Every millennial kid sobbed buckets at this movie when it first came out, and possibly hasn’t seen it since, it’s so heartbreaking. But the love story between bad boy Landon and Christian good girl Jamie is worth the re-watch; it’s one of those films that withstands the test of time. Landon meets Jamie while being forced to participate in the school play—because of his bad behavior, it’s that or expulsion. Over time, he finds himself drawn to Jamie, who warns him not to fall in love with her. By then, of course, it’s already too late for them both: Landon leaves his old life and friends behind to be with her, and when Jamie reveals a devastating secret to him, they cling to one another despite all hope being lost. Mandy Moore is a gem in this movie, and if you’ve never slow danced to “Only Hope” while all your friends looked on in jealousy, then you haven’t lived.

    What film adaptations of romance novels do you love?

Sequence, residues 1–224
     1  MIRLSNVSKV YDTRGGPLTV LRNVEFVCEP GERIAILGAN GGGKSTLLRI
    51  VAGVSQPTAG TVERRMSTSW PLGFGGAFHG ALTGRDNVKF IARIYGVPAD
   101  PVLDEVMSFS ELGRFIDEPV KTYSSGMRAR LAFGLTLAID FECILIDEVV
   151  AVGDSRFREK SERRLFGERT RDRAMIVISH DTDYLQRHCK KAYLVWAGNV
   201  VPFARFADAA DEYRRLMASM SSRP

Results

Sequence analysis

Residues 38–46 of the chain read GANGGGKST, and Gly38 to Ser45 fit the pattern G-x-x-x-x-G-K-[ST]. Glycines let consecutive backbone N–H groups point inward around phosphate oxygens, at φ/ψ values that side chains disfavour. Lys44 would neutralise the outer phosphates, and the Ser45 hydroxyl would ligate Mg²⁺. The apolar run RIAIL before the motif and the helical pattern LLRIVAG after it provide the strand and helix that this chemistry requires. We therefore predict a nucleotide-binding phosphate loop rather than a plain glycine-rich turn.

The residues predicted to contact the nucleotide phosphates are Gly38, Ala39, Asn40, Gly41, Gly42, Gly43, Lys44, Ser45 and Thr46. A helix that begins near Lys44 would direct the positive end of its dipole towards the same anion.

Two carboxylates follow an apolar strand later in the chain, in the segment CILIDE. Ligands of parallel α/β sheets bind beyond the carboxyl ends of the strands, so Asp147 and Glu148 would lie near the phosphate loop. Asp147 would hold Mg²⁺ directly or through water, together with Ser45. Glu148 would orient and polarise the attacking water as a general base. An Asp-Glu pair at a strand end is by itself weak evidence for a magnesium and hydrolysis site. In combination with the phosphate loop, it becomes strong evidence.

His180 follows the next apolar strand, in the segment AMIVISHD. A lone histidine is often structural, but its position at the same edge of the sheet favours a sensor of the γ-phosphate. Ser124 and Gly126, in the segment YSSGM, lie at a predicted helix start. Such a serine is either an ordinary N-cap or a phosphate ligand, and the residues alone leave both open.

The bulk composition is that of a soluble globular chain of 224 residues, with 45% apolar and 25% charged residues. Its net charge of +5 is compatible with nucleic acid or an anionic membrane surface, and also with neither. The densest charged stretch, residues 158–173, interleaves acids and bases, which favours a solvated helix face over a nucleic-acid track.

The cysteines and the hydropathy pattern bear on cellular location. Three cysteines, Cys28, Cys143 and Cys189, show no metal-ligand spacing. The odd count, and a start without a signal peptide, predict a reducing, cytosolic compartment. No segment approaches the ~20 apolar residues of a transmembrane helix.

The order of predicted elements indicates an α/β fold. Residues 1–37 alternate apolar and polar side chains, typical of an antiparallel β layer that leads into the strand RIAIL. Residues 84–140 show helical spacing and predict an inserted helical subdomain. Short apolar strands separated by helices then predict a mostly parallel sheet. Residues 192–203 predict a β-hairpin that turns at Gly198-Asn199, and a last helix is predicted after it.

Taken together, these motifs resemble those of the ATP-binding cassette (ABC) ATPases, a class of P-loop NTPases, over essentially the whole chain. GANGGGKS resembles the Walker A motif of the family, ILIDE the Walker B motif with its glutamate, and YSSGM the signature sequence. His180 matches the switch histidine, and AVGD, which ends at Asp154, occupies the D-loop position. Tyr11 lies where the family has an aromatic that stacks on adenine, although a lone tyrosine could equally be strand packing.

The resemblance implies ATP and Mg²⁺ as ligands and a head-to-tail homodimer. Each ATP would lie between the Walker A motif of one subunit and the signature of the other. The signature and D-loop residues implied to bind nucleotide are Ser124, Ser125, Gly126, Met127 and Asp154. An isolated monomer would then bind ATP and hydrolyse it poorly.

• John Bardinelli 5:15 pm on 2014/12/05 Permalink
    Tags: gone with the wind, one-hit wonders, , , the leopard, , ,   

    5 Authors Who Only Wrote One Novel 

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    the-catcher-in-the-rye-cover-56ad87b65e91ecee30641f4d60fda347It’s easy to write something bad and then never look at it again. Thousands of people did it just last month—it’s called NaNoWriMo. But to write an acclaimed, world-changing novel and then put down your pen forever? That takes a special kind of writer.

    The 5 authors below became famous after publishing a single novel. Some of them toiled away on short stories or novellas before and after their big release, but after that one big book, they called it quits as novelists, destined to remain one-hit wonders of the literary world.

    The Leopard, by Giuseppe di Lampedusa
    The Sicilian-born Lampedusa was a man who preferred solitude over the company of others. His sister died of diphtheria at a young age, leaving him an only child with a cold and detached father. He joined the army when he was older and ended up fighting in World War I, eventually landing in a POW camp. After his escape he returned to Sicily to study foreign literature, get married, travel with his mother, and become an otherwise ordinary human being.